To register, go to
For more information on the ceremony and finalists,
go to
or call 678-891-3275.


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The Baileys Women’s Prize for Fiction Longlist 2014

Originally posted on A Little Blog of Books and Other Stuff:

The longlist for this year’s Baileys Women’s Prize for Fiction was announced today.  The twenty titles are:

Chimamanda Ngozi Adichie - Americanah
Margaret Atwood - MaddAddam
Suzanne Berne –  The Dogs of Littlefield
Fatima Bhutto - The Shadow of the Crescent Moon
Claire Cameron –  The Bear
Lea Carpenter - Eleven Days
M.J. Carter - The Strangler Vine
Eleanor Catton - The Luminaries
Deborah Kay Davies - Reasons She Goes to the Woods
Elizabeth Gilbert - The Signature of All Things
Hannah Kent - Burial Rites
Rachel Kushner - The Flamethrowers
Jhumpa Lahiri - The Lowland
Audrey Magee - The Undertaking
Eimear McBride - A Girl Is A Half-Formed Thing
Charlotte Mendelson - Almost English
Anna Quindlen - Still Life with Bread Crumbs
Elizabeth Strout - The Burgess Boys
Donna Tartt - The Goldfinch
Evie Wyld - All The Birds, Singing

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10 Great Quotations from Women Writers

Originally posted on Interesting Literature:

As tomorrow (8th March) is International Women’s Day , we’ve gathered together ten of our favourite quotations from women writers. Some are wise, some are witty, some weird; all are wonderful, in our opinion. And what unites them all is that they were uttered (or written) by some of the major female figures in literature. We’d be interested to hear your favourite quotations from women writers, in the comments below – which names/quotations have we missed off?


‘Going to the opera, like getting drunk, is a sin that carries its own punishment with it.’ – Hannah More

‘If only we’d stop trying to be happy we’d have a pretty good time.’ – Edith Wharton

‘There must be quite a few things a hot bath won’t cure, but I don’t know many of them.’ – Sylvia Plath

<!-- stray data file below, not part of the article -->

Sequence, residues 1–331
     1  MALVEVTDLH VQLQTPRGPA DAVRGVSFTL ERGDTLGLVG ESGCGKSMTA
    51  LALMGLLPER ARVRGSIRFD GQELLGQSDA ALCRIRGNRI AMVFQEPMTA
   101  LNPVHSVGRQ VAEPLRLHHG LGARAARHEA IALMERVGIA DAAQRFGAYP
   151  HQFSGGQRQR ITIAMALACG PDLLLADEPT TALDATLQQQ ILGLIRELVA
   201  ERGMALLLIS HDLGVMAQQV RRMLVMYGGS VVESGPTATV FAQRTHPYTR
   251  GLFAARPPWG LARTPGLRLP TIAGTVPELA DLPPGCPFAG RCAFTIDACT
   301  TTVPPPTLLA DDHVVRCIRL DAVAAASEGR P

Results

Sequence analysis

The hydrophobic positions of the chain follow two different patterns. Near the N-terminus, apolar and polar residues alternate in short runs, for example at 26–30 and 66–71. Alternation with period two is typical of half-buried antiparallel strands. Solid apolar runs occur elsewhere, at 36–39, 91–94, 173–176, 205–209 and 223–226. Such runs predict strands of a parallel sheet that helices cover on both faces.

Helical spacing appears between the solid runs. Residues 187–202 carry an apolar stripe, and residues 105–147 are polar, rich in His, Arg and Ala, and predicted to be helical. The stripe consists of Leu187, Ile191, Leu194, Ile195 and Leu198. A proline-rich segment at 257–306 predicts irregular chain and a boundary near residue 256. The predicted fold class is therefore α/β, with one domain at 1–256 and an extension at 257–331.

‘One half of the world cannot understand the pleasures of the other.’ – Jane…

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What’s New in the World of Books

Originally posted on BookPeople's Blog:

An Author’s Life: The Guardian took a hard look at what the life of an author is like, and how it’s changed over the years. Rupert Thomson (The Insult) & Joanna Kavena (The Ice Museum) are the two authors they chronicle as they seek an answer to whether or not this career is viable for them anymore.

Philip Roth Interview: Roth’s Sabbath’s Theater was published almost 20 years ago, and it is being translated into Swedish this year. Roth gave an interview to a Swedish paper and answered some interesting questions, such as what it was like for him to reread all of his 31 titles during his hiatus. “My conclusion, after I’d finished, echoes the words spoken by an American boxing hero of mine, Joe Louis…’I did the best I could with what I had.’”

Looking Forward To: Mountain Goats founder John Darnielle announced his new book…

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Alice B. Toklas and Her Famous Pot Fudge

Originally posted on A R T L▼R K:

51HIrTy5vfLOn the 7th of March 1967, Alice Babette Toklas, a longtime lover, secretary, editor, cook, and companion of the writer Gertrude Stein, died in Paris, France. An American of Polish descent, Toklas met Stein in Paris on the 8th of September 1907, and fell in love with her. The feeling was mutual, and so the pair decided to share their life together. Their relationship was very much Yin-Yang, as they complemented each other in many ways. Toklas remained a background figure in this relationship, supporting Stein in her writing career. But the later did not take it for granted, and acknowledged her partner by, for example, publishing her 1933 memoirs under the perverse title The Autobiography of Alice B. Toklas.

The couple’s reputation as culturally significant came largely from their wide circle of friends. Their home on 27 rue de Fleurus became a meeting place for many…